8.        The task of descripting, relinquishment and disengagement is accomplished by a steady, patient, intentional articulation of an alternative script that we say can make us happy and make us safe.

9.        The alternative script is rooted in the Bible and is enacted through the tradition of the Church. It is an offer of a counter-narrative, counter to the script of technological, therapeutic, consumer militarism.

10.    That alternative script has as its most distinctive feature – its key character – the God of the Bible whom we name as Father, Son, and Spirit.

11.    That script is not monolithic, one dimensional or seamless. It is ragged and disjunctive and incoherent. Partly it is ragged and disjunctive and incoherent because it has been crafted over time by many committees. But it is also ragged and disjunctive and incoherent because the key character is illusive and irascible in freedom and in sovereignty and in hiddenness, and, I’m embarrassed to say, in violence – [a] huge problem for us.

12.    The ragged, disjunctive, and incoherent quality of the counter-script to which we testify cannot be smoothed or made seamless because when we do that the script gets flattened and domesticated and it becomes a weak echo of the dominant script of technological, consumer militarism. Whereas the dominant script of technological, consumer militarism is all about certitude, privilege, and entitlement this counter-script is not about certitude, privilege, and entitlement. Thus care must be taken to let this script be what it is, which entails letting God be God’s irascible self.

13.    The ragged, disjunctive character of the counter-script to which we testify invites its adherents to quarrel among themselves – liberals and conservatives – in ways that detract from the main claims of the script and so to debilitate the focus of the script.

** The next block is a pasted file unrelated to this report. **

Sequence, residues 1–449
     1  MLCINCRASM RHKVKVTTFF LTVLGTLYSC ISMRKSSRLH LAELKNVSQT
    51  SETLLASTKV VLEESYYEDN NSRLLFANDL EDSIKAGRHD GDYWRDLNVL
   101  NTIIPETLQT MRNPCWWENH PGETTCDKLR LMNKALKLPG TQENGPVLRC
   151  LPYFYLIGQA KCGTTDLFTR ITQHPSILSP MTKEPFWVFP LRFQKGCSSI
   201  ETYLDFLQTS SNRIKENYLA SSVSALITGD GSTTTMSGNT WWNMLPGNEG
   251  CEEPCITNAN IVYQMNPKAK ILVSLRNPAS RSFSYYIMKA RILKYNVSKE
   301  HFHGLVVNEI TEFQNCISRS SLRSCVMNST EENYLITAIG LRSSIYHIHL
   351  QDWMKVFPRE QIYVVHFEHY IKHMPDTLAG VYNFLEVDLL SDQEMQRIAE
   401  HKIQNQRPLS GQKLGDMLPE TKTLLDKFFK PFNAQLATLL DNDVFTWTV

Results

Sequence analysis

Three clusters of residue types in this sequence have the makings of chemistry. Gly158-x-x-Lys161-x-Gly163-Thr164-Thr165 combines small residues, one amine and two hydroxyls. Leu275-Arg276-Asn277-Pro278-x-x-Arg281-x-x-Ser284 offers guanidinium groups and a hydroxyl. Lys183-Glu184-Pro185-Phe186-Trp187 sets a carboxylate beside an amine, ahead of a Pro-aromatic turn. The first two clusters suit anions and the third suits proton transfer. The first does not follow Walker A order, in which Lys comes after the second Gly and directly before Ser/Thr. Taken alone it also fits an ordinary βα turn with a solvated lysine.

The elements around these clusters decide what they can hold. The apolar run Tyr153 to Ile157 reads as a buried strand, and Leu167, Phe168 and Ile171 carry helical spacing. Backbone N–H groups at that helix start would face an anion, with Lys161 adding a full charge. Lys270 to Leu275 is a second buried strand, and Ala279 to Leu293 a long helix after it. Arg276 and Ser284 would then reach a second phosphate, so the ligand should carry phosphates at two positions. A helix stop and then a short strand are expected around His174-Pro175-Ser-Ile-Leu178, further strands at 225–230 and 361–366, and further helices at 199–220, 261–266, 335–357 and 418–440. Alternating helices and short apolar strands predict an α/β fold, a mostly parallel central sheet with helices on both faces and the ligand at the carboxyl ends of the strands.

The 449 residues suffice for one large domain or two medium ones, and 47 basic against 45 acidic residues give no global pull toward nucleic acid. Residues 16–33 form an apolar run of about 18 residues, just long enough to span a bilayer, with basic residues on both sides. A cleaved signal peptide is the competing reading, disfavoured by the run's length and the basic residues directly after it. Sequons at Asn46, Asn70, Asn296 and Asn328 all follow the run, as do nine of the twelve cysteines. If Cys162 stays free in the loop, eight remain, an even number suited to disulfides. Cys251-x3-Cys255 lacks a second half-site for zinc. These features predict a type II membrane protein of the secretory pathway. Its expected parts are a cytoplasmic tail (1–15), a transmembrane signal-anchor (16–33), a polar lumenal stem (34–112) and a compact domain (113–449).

14.    The entry point into the counter-script is baptism. Whereby we say in the old liturgies, “do you renounce the dominant script?

15.    The nurture, formation, and socialisation into the counter-script with this illusive, irascible character is the work of ministry. We do that work of nurture, formation, and socialisation by the practices of preaching, liturgy, education, social action, spirituality, and neighbouring of all kinds.

16.    Most of us are ambiguous about the script; those with whom we minister and I dare say, those of us who minister. Most of us are not at the deepest places wanting to choose between the dominant script and the counter-script. Most of us in the deep places are vacillating and mumbling in ambivalence.

17.    This ambivalence between scripts is precisely the primary venue for the Spirit, so that ministry is to name and enhance the ambivalence that liberals and conservatives have in common that puts people in crisis and consequently that invokes resistance and hostility.

18.    Ministry is to manage that ambivalence that is crucially present among liberals and conservatives in generative faithful ways in order to permit relinquishment of [the] old script and embrace of the new script.

19.    The work of ministry is crucial and pivotal and indispensable in our society precisely because there is no one except the church and the synagogue to name and evoke the ambivalence and to manage a way through it. I think often I see the mundane day-to-day stuff ministers have to do and I think, my God, what would happen if you took all the ministers out. The role of ministry then is as urgent as it is wondrous and difficult.